One of the joys of summer is eating ripe, organic, homegrown tomatoes, still warm from the sun. The quality is incomparable to the bland, mealy tomatoes that are usually available in supermarkets. The good news is that even if you don't have space for tomatoes in your garden—or don't have a garden at all—you can still grow tomatoes. As long as you have a sunny balcony, porch, or patio, you can have garden-fresh tomatoes all summer long.
There are three keys to successfully growing tomatoes in a container: choosing the right tomato variety, proper planting, and ongoing care. Pay attention to these three areas, and you'll be in tomato heaven in no time.
Tomato Varieties for Containers
Anyone who has seen tomatoes growing in a garden knows that they tend to be huge, sprawling plants. They require staking, caging, and pinching just to stay manageable. So, the first thing to do when considering growing tomatoes in a pot is to find a variety that thrives in container culture. While you can grow almost any type of tomato in a container, some are more adaptable and easier to manage than others.
Look for a compact, bushy, non-vining plant, that is an indeterminate variety, which means that it produces fruit fairly steadily throughout the growing season. (Determinate varieties tend to produce all their fruit at the same time.) Most tomato varieties are indeterminate, including cherry and many heirlooms.
To find out whether a variety is determinate or indeterminate, check the plant tag or catalog description.
The Right Container
After you find the perfect plant, it is time to plant it. In general, plastic or fiberglass pots are best for growing tomatoes for a few reasons. Plastic and fiberglass, unlike clay pots, don't dry out quickly, and while tomatoes love heat, they don't like being dry, and dry soil is a huge detriment to fruit production.
Also, tomatoes need to grow in a fairly large pot—eight inches deep is the absolute minimum, 12- or 16-inch pots are better—and clay pots are rather expensive in large sizes. Plastic is inexpensive, even for very large pots, and it's unlikely to break the way clay so often does. For a really cheap option, you can plant tomatoes in a five-gallon bucket (readily available at home improvement stores). They are a perfect size, and the price can't be beat.
After you have the perfect pot, make sure that it has adequate drainage—the tomato plant will rot if it is sitting in soggy soil all the time. Most purchased pots have drainage holes in the bottom already, but if you're using a five-gallon bucket, drill several holes in the bottom. If the pot you are using has large drainage holes, use a piece of broken pot, a piece of window screening, or a paper coffee filter to cover it. This way the water can drain out, but the soil won't end up all over the patio.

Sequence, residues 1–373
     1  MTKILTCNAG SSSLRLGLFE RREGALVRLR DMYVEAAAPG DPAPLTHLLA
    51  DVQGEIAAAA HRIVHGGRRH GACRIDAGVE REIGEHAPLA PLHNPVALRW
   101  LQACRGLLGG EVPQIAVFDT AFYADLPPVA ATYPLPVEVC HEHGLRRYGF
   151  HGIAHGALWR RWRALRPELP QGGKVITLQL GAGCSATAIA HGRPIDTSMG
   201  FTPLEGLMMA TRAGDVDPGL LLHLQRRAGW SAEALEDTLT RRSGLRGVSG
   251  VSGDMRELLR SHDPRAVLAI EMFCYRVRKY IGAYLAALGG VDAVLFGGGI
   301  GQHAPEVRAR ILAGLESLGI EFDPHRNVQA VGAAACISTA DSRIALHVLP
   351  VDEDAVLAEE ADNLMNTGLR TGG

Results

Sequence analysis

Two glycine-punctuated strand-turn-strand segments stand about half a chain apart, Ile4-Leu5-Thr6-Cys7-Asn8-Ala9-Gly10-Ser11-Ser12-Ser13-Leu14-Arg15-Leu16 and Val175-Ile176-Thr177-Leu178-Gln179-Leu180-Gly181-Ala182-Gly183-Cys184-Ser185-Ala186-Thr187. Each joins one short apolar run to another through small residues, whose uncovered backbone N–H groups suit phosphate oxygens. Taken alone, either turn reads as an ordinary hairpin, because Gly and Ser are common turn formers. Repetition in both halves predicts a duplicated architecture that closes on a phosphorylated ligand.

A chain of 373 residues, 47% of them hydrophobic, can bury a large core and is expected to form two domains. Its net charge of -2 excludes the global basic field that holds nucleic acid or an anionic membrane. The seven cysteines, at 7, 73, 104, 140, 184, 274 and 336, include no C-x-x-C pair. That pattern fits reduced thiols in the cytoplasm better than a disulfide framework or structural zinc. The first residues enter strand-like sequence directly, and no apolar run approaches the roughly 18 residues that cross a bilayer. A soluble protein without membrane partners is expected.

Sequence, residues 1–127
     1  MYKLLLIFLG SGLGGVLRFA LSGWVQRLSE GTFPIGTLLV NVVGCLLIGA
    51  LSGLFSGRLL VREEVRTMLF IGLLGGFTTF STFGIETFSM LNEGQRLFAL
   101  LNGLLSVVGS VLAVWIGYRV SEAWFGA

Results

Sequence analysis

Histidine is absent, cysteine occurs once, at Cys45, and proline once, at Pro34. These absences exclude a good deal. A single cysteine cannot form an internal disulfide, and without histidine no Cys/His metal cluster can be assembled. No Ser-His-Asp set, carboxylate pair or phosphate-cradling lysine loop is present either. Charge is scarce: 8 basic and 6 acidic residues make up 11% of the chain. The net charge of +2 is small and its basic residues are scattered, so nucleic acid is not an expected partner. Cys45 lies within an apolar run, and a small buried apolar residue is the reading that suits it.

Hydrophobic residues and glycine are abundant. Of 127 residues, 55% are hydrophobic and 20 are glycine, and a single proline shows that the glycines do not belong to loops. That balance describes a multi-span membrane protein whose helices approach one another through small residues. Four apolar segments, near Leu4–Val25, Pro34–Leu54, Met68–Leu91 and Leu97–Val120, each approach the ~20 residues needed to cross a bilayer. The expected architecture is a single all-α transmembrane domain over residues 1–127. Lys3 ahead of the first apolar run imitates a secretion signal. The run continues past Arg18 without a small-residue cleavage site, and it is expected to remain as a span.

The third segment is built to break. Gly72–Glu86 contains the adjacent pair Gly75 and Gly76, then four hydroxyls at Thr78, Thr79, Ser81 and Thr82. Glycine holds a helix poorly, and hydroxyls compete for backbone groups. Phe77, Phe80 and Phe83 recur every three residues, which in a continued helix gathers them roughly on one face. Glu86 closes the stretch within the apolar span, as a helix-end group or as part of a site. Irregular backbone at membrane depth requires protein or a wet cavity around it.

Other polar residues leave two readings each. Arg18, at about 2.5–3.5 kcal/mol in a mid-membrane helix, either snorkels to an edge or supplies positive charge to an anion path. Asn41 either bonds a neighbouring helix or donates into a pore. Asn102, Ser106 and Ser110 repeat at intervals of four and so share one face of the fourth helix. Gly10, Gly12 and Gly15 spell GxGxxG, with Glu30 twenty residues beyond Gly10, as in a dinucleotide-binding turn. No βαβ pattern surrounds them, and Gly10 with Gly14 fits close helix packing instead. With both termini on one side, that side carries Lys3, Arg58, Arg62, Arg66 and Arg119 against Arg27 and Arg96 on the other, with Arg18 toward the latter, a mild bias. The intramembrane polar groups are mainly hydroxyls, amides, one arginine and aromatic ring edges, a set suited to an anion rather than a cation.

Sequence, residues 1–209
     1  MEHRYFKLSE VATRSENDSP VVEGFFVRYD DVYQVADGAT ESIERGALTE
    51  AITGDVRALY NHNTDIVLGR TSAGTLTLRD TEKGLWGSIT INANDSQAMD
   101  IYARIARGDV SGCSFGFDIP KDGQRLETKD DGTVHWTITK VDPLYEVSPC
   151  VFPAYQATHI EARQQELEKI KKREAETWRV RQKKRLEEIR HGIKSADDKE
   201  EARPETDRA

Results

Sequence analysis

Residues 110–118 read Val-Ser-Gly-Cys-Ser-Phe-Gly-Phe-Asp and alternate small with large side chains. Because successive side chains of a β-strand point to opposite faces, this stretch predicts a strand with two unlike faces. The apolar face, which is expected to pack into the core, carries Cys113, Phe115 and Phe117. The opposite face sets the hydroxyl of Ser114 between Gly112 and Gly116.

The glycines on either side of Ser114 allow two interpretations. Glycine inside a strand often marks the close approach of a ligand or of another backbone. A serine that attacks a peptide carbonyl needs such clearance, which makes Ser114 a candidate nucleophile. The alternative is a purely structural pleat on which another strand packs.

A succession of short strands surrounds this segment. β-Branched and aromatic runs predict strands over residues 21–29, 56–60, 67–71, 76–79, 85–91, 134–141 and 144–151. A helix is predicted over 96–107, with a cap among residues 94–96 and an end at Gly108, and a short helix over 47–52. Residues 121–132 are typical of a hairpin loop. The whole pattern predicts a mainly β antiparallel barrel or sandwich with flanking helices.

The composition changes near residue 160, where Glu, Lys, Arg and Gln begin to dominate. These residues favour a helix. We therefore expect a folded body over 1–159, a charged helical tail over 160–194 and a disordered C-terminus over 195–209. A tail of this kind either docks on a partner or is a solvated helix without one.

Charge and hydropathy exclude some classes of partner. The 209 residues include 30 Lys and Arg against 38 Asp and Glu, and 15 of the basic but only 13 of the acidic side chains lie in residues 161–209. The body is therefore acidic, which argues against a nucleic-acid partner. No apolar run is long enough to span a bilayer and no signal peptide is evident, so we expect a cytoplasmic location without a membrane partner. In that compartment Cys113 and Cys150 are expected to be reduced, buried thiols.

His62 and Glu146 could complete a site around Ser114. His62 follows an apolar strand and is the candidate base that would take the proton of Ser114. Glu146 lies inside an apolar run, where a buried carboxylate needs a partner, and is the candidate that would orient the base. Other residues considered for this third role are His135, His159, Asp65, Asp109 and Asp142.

The Best Soil and Planting Technique
Any good quality organic potting soil works for tomatoes—just don't use soil dug directly from the garden. It is too heavy for container gardens, and it compacts more as the season goes on. A good peat or compost-based soil, whether purchased or mixed from your own special recipe, is ideal.
When planting the tomato, put some soil in the bottom of the pot and set the tomato plant in. Bury the stem to just below the lowest set of leaves. New roots grow along the buried section of stem, making for a healthier plant. After you have the plant set at the proper level, fill in around it with potting soil, patting down lightly as you go. The soil should go up to about an inch below the rim of the pot to allow room for watering. After it's potted, give the tomato plant a good watering and set it in place.
Water, Food, and Other Care
Tomatoes need moisture, so be sure to water regularly. The best way to tell when to water is to stick your finger into the soil—if the first two inches are dry, it's time to water.
The trickiest thing about growing tomatoes in a pot is that they are heavy feeders, and every time you water, you wash nutrients out of the soil.
To combat this, fertilize regularly, preferably with either fish emulsion or seaweed extract. Once a month is good, but every other week, applying the fertilizer at half-strength, is better. This provides a constant source of nutrients for the tomato plants.
Two other things to consider are mulching and support. Even compact tomato varieties benefit from some support. Tomato cages, stakes, or homemade cages made to fit the container are all good options. Mulching, while less important in a container than in a garden bed, is still a good idea—it keeps weeds from growing in the tomato pot and retains moisture so you won't have to water quite as often. The best mulches are pebbles, bark mulch, and straw. If you prefer to use the black or red plastic many tomato growers swear by, position it over the soil before you plant the tomato, cut a slit large enough to put the plant in, and secure the plastic with metal stakes.